Solomon Group gets festive with IoT apps

Solomon Group gets festive with IoT apps

How Mendix helped Solomon Group rapidly develop IoT apps for festivals

Internet of Business spoke to Jonathan Foucheaux, a partner at entertainment design and production company Solomon Group, to hear how the company is using a rapid application development platform to build IoT apps for festivals.

New Orleans-based Solomon Group specializes in providing custom software to events organizers to improve the entertainment and pageantry for customers.

The company works with the likes of Live Nation, a conference ticket provider, and the New Orleans music festivals Essence Festival and Voodoo.

At these events, Solomon Group provides monitoring, tracking and access control through radio-frequency identification (RFID) wristbands for anything from VIP security to managing labor onsite.

However, at Essence Festival, which has a large daytime component that is free to attend, sheer volume of numbers required a technological solution that could better aggregate the number of entrants and leavers throughout the day.

An IoT solution

According to Foucheaux, “The challenge was that the fire marshal wanted to shut us down after we hit the capacity of the convention center, which we do early on in the day. The issue is, people were leaving throughout the day and we wanted to be able to let additional folks in as others left, as there were long lines waiting.

“That left us with the challenge of finding a way to figure out what the total count was in the venue at any given moment. If 10,000 people left, we wanted to be able to let 10,000 more in, but you can’t manually track that data.”

In other words, Solomon Group needed a way to track attendee flow in real time.

“So what we did,” Foucheaux told IoB, “was we came up with this idea for optical turnstiles, that we built from scratch in our Fabrication Shop. These were posts that look like turnstiles but without the arm, and they have two polarized retro-reflective sensors that are about three inches apart. We had those tied into a custom board that snapped onto an Arduino inside of each [post].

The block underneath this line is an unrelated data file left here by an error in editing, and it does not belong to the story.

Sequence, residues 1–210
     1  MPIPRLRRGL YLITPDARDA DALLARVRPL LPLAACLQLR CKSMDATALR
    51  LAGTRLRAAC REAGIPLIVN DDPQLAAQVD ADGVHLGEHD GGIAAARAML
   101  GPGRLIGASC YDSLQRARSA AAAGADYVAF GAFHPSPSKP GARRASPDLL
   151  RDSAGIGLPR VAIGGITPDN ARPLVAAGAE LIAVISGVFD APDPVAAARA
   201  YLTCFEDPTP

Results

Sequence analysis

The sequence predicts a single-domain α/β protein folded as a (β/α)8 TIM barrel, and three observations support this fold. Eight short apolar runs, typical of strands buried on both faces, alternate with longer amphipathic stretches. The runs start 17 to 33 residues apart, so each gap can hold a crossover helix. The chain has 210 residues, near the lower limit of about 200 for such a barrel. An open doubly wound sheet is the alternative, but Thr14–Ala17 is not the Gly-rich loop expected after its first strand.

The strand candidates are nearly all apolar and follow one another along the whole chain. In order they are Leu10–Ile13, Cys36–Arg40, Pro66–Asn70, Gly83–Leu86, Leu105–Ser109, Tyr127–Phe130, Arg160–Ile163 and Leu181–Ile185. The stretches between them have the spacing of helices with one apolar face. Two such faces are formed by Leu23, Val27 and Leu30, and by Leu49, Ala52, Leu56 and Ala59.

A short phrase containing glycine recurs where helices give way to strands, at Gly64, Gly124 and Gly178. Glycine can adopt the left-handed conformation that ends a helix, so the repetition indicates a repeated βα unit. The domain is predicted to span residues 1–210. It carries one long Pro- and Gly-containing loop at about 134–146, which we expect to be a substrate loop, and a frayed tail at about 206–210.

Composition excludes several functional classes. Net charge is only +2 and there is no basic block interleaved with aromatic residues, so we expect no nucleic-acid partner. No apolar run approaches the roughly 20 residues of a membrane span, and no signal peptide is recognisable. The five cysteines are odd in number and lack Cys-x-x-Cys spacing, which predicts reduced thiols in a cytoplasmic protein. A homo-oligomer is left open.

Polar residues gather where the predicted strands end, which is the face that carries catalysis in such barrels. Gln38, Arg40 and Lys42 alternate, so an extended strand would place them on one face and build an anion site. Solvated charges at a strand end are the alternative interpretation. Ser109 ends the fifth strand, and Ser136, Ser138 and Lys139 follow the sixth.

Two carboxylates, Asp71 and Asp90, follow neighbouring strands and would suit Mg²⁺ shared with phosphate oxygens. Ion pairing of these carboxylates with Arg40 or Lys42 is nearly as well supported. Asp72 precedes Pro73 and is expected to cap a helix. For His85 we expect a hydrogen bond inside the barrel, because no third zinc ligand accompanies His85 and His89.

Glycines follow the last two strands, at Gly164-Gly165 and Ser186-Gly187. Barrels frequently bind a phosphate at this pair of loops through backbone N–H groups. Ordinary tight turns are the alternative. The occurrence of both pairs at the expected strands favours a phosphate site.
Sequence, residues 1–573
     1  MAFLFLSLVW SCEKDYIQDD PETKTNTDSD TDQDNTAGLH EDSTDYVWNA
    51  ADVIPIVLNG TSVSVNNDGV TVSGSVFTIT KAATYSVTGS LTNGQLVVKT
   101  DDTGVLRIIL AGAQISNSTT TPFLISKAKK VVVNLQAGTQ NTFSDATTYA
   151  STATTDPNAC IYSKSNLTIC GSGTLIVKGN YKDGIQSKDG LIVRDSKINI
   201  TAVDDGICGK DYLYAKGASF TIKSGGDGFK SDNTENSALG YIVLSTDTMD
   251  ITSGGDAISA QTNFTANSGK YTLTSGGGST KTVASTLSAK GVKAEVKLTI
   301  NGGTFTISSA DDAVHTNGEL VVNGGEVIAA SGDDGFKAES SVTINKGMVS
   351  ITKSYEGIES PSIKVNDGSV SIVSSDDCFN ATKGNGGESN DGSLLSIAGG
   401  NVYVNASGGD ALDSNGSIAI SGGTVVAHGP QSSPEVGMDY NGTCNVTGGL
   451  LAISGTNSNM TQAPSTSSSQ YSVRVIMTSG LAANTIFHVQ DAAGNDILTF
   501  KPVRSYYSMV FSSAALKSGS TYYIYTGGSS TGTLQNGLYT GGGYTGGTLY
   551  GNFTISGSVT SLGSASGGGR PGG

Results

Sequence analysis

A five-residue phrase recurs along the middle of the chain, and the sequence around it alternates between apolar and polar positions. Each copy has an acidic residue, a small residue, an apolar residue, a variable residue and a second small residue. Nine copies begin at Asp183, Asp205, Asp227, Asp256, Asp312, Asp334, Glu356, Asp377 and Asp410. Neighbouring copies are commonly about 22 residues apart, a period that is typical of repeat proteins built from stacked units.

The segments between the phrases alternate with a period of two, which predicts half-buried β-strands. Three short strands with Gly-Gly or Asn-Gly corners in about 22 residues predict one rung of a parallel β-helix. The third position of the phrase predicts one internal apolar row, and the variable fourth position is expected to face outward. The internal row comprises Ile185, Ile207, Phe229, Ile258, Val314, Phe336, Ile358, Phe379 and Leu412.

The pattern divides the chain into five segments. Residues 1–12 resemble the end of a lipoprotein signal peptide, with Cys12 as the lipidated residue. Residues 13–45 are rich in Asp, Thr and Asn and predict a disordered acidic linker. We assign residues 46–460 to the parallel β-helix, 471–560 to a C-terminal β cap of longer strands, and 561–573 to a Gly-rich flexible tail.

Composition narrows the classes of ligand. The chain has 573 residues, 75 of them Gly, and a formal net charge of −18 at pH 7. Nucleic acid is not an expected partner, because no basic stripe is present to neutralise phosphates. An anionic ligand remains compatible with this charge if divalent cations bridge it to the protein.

“As people come in it sees, [from] whichever sensor gets clicked first, if they’re going in or out, and Arduino keeps track of that. Then every 60 seconds, the Arduino makes a REST call to our Mendix application and posts its most recent information [in the app].”

Having acquired that data, Solomon Group was able to see which entrances were most popular and how many people flowed through the gates at certain times of the day, all of which feeds into things like where sponsorship is located and which food and drink stands need restocking sooner.

It also meant the company could tell the fire marshal exactly how many people had come and gone, allowing a smoother flow of people throughout the day.

According to the company website, use of this technology meant one promoter was allowed to sell 2,500 tickets rather than the 2,000 allocated previously. At nearly $200 per ticket, that equates to a revenue swing of nearly $100,000.

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Importance of rapid app development

The underlying technology behind this solution came from rapid application development company, Mendix.

Solomon Group had been using Mendix initially to develop its enterprise resource planning (ERP) software, but saw value in using the technology to support its clients workflows.

The Mendix low-code application platform allows employees to use visual models to build their applications quickly and without the need for code. The models use the same language for both the business and IT teams, and the platform should connect to cloud-based systems or any legacy technology with ease the company says.

For the project with Essence, Foucheaux says Solomon Group built everything inside Mendix – bar the work done by the Arduino – which meant all the aggregated data from the turnstiles could be visualized in the Mendix app.

Extremely satisfied with the Mendix platform, Foucheaux explained how something that would normally take his team 10 hours to build in code could be modeled in roughly 10 minutes using Mendix Microflows. Even Foucheaux, not a developer by profession, was able to learn how to use the platform. “It’s really, really user-friendly, it’s very, very quick and the output looks really good,” he said.

Solomon Group clients can now work with Foucheaux’s team to develop ‘custom instances’ on the Mendix platform, and can visualize how these will work before deployment.

Foucheaux indicated that next up is an application that will incorporate both RFID wristbands and gamification during the registration process at a large sporting event later this year. This won’t just improve tracking, but also create more personalized experiences for fans.

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